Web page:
ABC News’ Rick Klein reports: Under pressure from conservatives, the chairman of the National Republican Senatorial Committee said today that GOP candidates will coalesce around a pledge to repeal a health care bill that’s passed by the Democratic controlled Congress this year.
“If the bill passes, I think that's surely one of the things that they should and will run on,” Sen. John Cornyn, R-Texas, told reporters at a briefing in Washington. “Of course, most of the pain [in terms of generating new revenues] will begin immediately. The game [of enacting reforms], if you look at it as a game, will come years down the road. So I think -- but my personal preference would be to run against the bill and to stop it.”
Asked by ABC News if that means that the Republican argument to voters this fall will be “we’d repeal it,” Cornyn responded: “I believe so.”
Several prominent conservative leaders -- including leaders of the Club for Growth and FreedomWorks , which has been involved in organizing some of the higher-profile Tea Party demonstrations over the past year -- have called on Republicans to rally behind a promise to repeal health care.
But not all Republicans are convinced that it’s the right strategy. A number of prominent Republican candidates for Senate -- including Charlie Crist in Florida, Dan Coats in Indiana, Carly Fiorina in California, Rob Portman in Ohio and Mike Castle in Delaware -- haven’t signed on to the Club for Growth’s “Repeal it!” pledge.
Cornyn said GOP prospects look bright this fall regardless of what happens to health care at this point. If Democrats think passing a health care bill will allow them to change the subject and focus on jobs and the economy, he said, “this will do the opposite. This will make sure that health care is the No. 1 issue that is -- the election is won or lost by in November.”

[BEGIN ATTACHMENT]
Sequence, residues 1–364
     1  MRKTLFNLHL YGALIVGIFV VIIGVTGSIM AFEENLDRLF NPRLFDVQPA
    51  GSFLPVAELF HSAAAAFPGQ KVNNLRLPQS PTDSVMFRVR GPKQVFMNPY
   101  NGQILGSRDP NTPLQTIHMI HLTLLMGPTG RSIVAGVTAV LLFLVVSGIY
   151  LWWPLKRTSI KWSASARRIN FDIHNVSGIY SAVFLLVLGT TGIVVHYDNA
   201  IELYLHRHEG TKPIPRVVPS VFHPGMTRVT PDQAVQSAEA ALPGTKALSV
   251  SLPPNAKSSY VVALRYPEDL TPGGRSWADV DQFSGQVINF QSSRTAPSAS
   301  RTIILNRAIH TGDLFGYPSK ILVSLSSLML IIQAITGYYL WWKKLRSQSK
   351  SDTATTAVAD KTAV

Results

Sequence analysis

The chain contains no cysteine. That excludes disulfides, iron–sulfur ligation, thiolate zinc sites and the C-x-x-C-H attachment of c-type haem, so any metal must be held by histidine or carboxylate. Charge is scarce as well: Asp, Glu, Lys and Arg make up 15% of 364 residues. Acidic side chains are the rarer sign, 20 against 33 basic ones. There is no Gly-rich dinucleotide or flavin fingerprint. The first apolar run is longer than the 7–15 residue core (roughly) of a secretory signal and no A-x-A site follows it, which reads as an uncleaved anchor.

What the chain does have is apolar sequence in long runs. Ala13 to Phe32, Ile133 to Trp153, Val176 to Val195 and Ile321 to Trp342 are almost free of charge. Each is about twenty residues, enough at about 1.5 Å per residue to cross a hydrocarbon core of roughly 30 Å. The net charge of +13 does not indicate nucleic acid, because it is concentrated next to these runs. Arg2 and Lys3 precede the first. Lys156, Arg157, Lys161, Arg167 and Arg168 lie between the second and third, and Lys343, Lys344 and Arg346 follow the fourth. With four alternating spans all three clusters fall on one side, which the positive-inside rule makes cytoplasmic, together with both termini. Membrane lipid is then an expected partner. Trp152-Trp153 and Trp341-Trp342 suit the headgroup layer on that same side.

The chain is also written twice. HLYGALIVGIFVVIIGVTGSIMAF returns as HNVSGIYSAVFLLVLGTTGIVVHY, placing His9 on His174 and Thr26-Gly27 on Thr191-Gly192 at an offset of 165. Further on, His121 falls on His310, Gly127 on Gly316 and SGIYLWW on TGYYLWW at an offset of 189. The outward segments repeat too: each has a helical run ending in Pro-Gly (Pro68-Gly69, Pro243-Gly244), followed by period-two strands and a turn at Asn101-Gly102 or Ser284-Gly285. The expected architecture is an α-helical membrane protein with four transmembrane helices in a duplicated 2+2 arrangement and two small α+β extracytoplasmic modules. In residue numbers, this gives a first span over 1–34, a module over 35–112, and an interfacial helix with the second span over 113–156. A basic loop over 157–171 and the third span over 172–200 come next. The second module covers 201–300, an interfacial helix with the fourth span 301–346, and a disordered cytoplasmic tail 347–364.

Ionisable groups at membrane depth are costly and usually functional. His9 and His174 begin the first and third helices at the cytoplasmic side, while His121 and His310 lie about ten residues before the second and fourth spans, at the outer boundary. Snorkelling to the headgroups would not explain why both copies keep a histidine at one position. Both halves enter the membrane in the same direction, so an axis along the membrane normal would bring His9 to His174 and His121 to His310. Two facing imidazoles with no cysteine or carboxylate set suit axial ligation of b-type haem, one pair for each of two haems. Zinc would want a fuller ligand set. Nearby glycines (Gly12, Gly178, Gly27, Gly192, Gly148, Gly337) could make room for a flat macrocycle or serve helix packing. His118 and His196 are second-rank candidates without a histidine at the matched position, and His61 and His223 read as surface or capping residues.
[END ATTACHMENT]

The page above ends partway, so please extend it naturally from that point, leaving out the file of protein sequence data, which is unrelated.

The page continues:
Added Cornyn: “This whole idea of rubbing the nose of the voter in a bill that they find unpopular and thinking it won't be bad for them is just, to me, a conscious suspension of your power of disbelief.”
He also warned wavering House Democrats that a vote for the Senate-passed bill will leave them explaining why they support some of the unpopular elements in that bill, like the so-called “Cornhusker Kickback.” Those Democrats, Cornyn said, will be forced to “walk the plank” without any guarantee that those provisions will be changed later on through budget reconciliation rules.
“There’s great risk that the White House would embrace House passage of the Senate bill, and forget about reconciliation,” Cornyn said.
ABC’s Matt Loffman contributed to this report.